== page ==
If poor gas mileage hurts the U.S. economy and harms public health and the environment, why don't lawmakers call for greater efficiency?
By Rhett Zyla
Do you know what CAFE is? No, not your local croissant and cappuccino outlet, this acronym stands for Corporate Average Fuel Economy, a spate of vehicle fuel economy requirements mandated by Congress in 1975 in response to the Middle East oil crisis. CAFE rules demanded that automakers increase fuel economy for light-duty vehicles from an average of 13.1 miles per gallon (mpg) to 27.5 mpg for cars and 20.7 mpg for light-duty trucks. They were given until 1985 to come into compliance. What happened? The world did not end! We got cars with better gas mileage.
Since its inception, CAFE's cumulative benefits have been quite substantial: From 1973 to 1999, CAFE has saved the United States an estimated 800 billion gallons of gasoline—the equivalent of eight years of domestic consumption—and nearly $400 billion.
However, with the increased use of sport utility and truck-class vehicles since 1985, overall fuel economy has steadily declined and neither automakers nor a majority in Congress have sought to continue improvements in vehicle fuel economy. In fact, since automakers have not been required to further increase fuel economy, they've spent the last few decades focused on "improvements" in increased vehicle weight and performance. As a result (and to the detriment of fuel economy), average vehicle weight has increased 21 percent and horsepower 79 percent since 1981.
Here is where the political debate currently resides. Over the past few years, various members of Congress have introduced legislation to increase CAFE standards up to 50 percent, to be phased in over a period of a decade or so. None of these proposals has garnered enough votes, as the Republican-lead Congress has (as well as some tag-along Democrats) mostly been opposed to such changes.
There exists little question that the U.S. is mired in an energy fiasco both domestic and abroad. The transportation sector weighs heavily on this dependence. Oil imports are near 50 percent now and are expected to increase assuming "business-as-usual" energy and transportation policies. A significant expansion in domestic drilling to supplement oil imports is not practical, economical nor environmentally sane—we own 2 percent of the world's oil reserves, yet consume 25 percent of the world's petroleum output.
While there is none currently, a mandate by Congress to some degree might only be a matter of time. As such, automakers have begun to market a few fuel-efficient "hybrid" vehicles (combined efficient gas engine with self-regenerating battery for supplemental power). Most notably, Toyota and Honda began marketing their hybrid vehicles as early as 1997. Toyota's Prius and Honda's Civic and Insight are passenger cars with fuel economy above 50 mpg! As a matter of fact, the 2004 Toyota Prius, now considered a second-generation hybrid, won "best engineered vehicle" by Automotive Engineering International magazine. The performance and power of the Prius now exceeds even beyond some other traditional vehicles.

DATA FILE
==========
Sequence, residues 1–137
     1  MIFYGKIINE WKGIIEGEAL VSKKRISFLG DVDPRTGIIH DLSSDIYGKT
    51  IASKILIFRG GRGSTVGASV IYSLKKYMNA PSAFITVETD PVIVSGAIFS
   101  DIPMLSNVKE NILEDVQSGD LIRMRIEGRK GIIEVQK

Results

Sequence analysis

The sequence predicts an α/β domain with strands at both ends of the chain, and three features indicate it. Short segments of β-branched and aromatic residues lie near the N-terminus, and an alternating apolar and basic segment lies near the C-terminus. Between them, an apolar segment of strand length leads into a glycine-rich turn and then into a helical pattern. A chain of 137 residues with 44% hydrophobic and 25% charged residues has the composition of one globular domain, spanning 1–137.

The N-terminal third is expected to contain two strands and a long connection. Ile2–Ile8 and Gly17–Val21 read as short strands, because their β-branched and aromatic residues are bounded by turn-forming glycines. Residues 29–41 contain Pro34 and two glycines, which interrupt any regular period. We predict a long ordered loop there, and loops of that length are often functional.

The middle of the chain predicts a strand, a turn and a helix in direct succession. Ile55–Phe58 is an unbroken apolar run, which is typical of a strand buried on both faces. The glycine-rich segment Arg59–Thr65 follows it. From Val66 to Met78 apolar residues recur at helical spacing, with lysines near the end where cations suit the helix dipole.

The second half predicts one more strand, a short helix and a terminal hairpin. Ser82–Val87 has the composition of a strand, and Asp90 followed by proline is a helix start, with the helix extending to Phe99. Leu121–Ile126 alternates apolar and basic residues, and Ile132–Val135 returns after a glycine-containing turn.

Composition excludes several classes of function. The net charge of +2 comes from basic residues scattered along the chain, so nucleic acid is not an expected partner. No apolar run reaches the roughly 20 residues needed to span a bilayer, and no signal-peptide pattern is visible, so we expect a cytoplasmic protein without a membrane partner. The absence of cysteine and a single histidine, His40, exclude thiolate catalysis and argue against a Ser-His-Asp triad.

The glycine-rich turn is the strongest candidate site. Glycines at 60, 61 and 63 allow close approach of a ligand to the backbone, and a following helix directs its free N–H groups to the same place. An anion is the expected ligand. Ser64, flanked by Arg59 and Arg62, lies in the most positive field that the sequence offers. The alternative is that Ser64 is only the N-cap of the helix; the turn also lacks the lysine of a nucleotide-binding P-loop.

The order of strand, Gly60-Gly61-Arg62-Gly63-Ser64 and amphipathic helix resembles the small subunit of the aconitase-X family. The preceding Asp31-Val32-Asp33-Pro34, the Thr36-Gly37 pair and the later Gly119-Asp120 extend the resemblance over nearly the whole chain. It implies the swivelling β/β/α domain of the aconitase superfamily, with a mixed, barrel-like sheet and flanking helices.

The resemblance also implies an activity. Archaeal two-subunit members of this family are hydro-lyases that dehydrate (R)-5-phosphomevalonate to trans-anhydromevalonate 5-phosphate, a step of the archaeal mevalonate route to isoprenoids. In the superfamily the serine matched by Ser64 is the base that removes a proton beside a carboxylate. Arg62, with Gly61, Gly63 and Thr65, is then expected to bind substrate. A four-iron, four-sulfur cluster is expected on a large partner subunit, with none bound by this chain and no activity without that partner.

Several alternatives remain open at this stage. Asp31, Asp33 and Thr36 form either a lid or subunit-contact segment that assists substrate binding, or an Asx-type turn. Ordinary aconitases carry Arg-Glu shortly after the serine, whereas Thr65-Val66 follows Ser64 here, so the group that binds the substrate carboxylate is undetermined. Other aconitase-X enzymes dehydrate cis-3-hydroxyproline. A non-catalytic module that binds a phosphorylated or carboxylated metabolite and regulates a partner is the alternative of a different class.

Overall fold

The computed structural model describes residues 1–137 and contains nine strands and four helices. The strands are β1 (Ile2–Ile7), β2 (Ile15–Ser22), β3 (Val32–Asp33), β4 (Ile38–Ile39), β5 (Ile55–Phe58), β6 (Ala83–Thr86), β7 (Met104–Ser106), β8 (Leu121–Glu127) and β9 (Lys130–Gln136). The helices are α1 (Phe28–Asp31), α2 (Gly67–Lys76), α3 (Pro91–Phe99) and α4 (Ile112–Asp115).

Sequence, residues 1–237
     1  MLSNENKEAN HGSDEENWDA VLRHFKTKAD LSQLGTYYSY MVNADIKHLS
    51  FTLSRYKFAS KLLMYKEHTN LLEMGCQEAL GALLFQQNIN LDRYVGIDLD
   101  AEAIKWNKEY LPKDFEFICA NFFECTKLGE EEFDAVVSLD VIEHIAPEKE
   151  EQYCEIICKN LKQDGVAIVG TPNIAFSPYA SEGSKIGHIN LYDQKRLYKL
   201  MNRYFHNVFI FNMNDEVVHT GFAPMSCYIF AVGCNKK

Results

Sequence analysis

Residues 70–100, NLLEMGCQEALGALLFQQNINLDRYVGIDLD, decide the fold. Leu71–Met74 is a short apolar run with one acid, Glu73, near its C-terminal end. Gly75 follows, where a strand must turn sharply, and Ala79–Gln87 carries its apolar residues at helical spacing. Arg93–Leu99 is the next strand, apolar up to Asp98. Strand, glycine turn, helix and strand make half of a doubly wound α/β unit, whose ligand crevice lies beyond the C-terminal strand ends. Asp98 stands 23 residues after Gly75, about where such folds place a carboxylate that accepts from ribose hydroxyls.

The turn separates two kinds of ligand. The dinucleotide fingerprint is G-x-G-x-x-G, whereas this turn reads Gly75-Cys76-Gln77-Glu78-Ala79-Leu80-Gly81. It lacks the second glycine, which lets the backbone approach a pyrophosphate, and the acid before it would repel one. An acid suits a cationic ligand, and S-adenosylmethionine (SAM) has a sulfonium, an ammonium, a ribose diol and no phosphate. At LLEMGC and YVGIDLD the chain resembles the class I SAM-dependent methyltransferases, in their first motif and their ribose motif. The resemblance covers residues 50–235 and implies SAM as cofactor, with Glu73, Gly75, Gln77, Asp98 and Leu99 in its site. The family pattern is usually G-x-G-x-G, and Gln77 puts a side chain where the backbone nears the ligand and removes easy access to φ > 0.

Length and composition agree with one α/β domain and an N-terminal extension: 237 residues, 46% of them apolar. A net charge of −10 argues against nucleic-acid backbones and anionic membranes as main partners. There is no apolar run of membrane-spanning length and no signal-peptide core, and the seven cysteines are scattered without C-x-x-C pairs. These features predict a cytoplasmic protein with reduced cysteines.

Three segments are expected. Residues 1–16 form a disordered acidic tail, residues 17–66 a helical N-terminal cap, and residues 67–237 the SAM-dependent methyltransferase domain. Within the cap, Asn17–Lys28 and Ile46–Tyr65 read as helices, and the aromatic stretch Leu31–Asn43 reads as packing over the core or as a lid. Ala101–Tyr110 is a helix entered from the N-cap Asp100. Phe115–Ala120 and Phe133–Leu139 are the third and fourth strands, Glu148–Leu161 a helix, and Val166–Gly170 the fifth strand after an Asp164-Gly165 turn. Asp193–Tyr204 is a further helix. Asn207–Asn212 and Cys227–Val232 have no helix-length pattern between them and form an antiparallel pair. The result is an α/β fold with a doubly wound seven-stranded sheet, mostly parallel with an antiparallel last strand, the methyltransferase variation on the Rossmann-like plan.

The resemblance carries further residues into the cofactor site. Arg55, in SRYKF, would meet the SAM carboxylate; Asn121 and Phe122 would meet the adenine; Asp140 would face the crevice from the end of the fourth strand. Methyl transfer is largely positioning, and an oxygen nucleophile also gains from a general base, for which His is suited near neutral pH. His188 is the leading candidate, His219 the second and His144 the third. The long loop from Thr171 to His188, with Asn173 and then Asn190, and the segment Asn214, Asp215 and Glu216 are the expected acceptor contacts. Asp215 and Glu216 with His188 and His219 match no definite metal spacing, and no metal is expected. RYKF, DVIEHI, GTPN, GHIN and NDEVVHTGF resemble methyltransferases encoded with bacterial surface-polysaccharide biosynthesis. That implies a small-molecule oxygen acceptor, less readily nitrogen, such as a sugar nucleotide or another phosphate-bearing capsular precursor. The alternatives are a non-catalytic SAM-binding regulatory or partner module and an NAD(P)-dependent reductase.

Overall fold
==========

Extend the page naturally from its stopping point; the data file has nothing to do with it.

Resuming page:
But the issue of fuel economy rests more with SUV/truck-class vehicles than with passenger cars, as gains to be made here are proportionately larger than for the already more fuel-efficient passenger cars.
Does increasing overall vehicle fuel economy come at the expense of eliminating our highly desired SUVs and trucks? No. In actuality, the goal is simply for an improvement in the fuel economy of these quite practical vehicles, along with other passenger cars.
Could increases in fuel economy be counterproductive by inducing people to drive more? Unlikely. Data suggest that increases in fuel economy will at best only marginally increase the amount one drives.
Could vehicle weight reduction in heavier models, as a means to improve fuel economy, affect driver crash survivability? That's also unlikely. Currently available, cost-competitive and high-strength steel and aluminum composite materials make this worry moot.
Seemingly ironic is that automakers have been developing fuel-efficient technologies in recent years while simultaneously lobbying Congress to resist their mandated implementation. Automakers also lobbied against seat belts and air bags; clearly, two very necessary changes that have saved thousands of lives and millions of dollars in medical expenses, both private and public.
Some of the proven technological advancements and tools that can be used throughout the U.S. vehicle fleet to improve fuel economy include aerodynamic design, continuously variable transmissions, cylinder deactivation, regenerative braking and weight reduction. Again, while these capabilities are here right now, only a select few vehicles are beginning to have these technologies incorporated into their design.